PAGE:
|Mar 03, 2011, 09:16 AM|
Joined May 2010
Soaring in Thailand
Three months of ideal weather in northern Thailand (1,2) gave me the opportunity to test and develop a number of ideas in building, thermal soaring and gliding, power to weight ratios ,flying wings and hybrid designslink*. I learnt a lot by building and flying alone and with Thai friends(3), and from generous responses on rcgroups! Still mornings and evenings and plenty of thermals in the day make for rapid progress. After the wings I called Sylph(4) * I wanted to see if one could get over the compromises involved in wings. Of course one can’t, but changing the compromises is always worth a model or two. One comes back more or less to the same place but sometimes with improvements and certainly with more understanding.
The Arc series* were the one result, and ended in some hybrid designs that are very enjoyable to fly. One has an astonishing glide.*(5) In still weather it floats on and on and turns with very little bank and no apparent loss of height! It does not parachute at all, which I have had with other gliders at very low speeds. There is a lot to learn from this one and I still don’t have enough technical grounding. Also, there has not been much research on very low Re numbers. When better equipped I will post a video of this. This design also appears to contradict the rule that high aspect ratio is essential for gliding at low Re. More versions are necessary to fully establish this.
It is useful to make a version to disprove an idea. I built one “Arc”*(6) with a symmetrical section to compare the glide with a plane using a cambered section. It does not float as well, but of course has more manoeuvrability and behaves like a genteel hot-liner, and thermals readily.
So I arrived at a design that has a swept, curved wing, large (3 D!) *ELEVONS, and a small tail assembly*(7) that is all fixed, on a 4mm carbon tube. They weigh around 150 to 220gms and take a day to build.
From these models it seems that a simple flat- bottomed section as thin as structure and strength permit gives a good glide*(8) Certainly a purpose designed aerofoil would give better results .I have tried to achieve more complicated sections but several factors make it difficult: building by hand, a curving plan-form combined with taper and hollow structure. In addition the time required (for me ) to research this would at least quarter the number of test models built! .I have found with the Arc design that only a very small amount washout twist (achieved by sanding in the thickness, 3mm plus 3mm) and very little reflex, with the stabilizing tail*, are necessary. That is obvious, but what is not is that these fly only on elevons, with bags of control! No tip- stall or spin, right to the ground.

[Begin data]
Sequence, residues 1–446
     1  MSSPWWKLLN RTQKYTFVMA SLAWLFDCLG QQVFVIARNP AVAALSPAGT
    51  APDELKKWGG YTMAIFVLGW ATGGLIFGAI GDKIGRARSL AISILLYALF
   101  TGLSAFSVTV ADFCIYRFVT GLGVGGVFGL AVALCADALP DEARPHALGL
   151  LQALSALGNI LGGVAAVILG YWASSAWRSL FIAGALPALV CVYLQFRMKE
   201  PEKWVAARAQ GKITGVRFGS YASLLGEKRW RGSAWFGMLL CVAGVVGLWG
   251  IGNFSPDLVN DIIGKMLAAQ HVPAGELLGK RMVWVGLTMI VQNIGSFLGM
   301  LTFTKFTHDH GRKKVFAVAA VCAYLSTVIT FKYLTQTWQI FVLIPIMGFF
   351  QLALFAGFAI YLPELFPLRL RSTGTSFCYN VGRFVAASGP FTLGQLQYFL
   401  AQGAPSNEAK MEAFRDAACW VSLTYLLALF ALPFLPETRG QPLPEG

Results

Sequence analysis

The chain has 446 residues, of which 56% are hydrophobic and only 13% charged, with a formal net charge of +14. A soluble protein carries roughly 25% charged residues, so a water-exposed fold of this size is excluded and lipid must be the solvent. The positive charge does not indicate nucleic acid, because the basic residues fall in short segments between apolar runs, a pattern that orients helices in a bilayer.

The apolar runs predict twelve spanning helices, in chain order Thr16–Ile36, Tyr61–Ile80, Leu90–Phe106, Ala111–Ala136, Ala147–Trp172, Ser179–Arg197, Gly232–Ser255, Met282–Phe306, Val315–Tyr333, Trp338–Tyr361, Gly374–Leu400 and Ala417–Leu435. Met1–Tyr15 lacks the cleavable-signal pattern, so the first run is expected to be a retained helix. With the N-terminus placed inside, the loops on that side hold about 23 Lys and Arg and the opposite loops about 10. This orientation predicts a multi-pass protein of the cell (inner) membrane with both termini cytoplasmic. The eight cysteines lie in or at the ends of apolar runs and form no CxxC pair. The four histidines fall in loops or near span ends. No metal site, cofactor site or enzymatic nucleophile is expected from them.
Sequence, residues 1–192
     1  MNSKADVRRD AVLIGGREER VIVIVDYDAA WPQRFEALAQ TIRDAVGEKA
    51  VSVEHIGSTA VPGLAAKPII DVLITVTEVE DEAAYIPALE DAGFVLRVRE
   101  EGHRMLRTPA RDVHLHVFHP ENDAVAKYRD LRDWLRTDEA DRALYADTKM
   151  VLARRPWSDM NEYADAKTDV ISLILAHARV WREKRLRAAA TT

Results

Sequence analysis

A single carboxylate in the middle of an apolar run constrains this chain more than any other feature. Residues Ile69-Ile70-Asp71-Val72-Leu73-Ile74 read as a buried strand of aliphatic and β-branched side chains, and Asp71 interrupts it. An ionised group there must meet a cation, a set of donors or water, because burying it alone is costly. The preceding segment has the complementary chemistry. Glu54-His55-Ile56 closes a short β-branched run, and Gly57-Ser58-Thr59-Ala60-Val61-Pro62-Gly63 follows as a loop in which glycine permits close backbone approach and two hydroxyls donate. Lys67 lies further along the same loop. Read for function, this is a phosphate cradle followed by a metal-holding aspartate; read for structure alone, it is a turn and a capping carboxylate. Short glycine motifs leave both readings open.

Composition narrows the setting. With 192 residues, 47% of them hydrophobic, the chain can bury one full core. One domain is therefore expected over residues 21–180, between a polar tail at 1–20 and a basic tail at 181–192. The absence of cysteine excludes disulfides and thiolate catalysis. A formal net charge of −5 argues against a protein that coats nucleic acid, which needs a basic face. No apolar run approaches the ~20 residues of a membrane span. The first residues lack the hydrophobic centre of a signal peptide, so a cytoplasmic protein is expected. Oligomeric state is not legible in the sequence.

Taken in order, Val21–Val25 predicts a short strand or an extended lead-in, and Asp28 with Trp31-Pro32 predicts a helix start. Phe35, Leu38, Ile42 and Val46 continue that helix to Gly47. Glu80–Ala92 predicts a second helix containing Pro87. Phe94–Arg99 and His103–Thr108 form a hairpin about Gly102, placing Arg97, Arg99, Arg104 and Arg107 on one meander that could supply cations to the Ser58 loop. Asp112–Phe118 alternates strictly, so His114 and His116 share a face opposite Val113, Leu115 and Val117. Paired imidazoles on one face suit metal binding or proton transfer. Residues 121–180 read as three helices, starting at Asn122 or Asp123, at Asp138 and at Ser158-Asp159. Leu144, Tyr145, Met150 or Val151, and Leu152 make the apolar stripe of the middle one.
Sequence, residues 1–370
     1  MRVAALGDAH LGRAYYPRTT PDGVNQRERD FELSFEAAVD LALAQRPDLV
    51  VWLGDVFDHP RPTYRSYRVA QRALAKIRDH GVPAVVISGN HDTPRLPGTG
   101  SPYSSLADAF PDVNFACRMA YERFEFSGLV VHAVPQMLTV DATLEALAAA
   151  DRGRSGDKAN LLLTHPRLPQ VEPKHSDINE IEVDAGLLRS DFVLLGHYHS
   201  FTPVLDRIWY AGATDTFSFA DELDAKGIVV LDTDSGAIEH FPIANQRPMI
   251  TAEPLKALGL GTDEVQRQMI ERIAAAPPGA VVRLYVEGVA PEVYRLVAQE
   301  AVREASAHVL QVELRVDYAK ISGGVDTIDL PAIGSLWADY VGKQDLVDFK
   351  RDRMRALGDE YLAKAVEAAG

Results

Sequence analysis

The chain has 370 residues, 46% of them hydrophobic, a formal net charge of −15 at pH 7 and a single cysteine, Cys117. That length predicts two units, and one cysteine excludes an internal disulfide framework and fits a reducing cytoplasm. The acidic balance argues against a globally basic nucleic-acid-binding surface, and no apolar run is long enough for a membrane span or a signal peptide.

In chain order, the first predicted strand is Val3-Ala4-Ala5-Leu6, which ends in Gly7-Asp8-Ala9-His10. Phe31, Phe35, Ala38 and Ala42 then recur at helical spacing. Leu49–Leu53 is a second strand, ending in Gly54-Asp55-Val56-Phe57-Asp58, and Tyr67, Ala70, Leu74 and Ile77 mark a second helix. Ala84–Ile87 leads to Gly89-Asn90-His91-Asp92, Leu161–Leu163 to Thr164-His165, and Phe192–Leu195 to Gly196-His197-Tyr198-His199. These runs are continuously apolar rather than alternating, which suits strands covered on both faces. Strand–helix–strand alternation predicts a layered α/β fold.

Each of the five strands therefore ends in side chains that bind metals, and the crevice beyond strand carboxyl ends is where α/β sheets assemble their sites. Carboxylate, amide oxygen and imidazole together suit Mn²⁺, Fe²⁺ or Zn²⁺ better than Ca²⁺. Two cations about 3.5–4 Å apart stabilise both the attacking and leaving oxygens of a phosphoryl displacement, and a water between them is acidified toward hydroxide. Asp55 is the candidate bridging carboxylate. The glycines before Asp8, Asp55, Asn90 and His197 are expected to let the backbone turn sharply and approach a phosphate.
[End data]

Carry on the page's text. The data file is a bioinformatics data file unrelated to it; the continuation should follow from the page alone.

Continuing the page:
.There appears to be a threshold of weight under which its win, win, win! With a19 gm motor one can use a 10 amp esc ,a 360 mah battery ,5 gm servos and my rx’s weigh about 4gms (9).* The low inertia at the centre means that a 3mm carbon tube gives the wing enough strength . The wing is still quite flexible . This seems to be no problem even with some wind . I have this set up on planes up to 1,80 m. Most of these can go vertical” infinitely,”using a gws sf 7060 prop. These are built using a 3mm depron top and bottom layer with balsa ribs 5 cm apart (10) *which are cut and sanded in pairs by hand. For more rigidity I use diluted white wood glue to stick on various grades of tissue paper or fine mulberry ( saa) paper.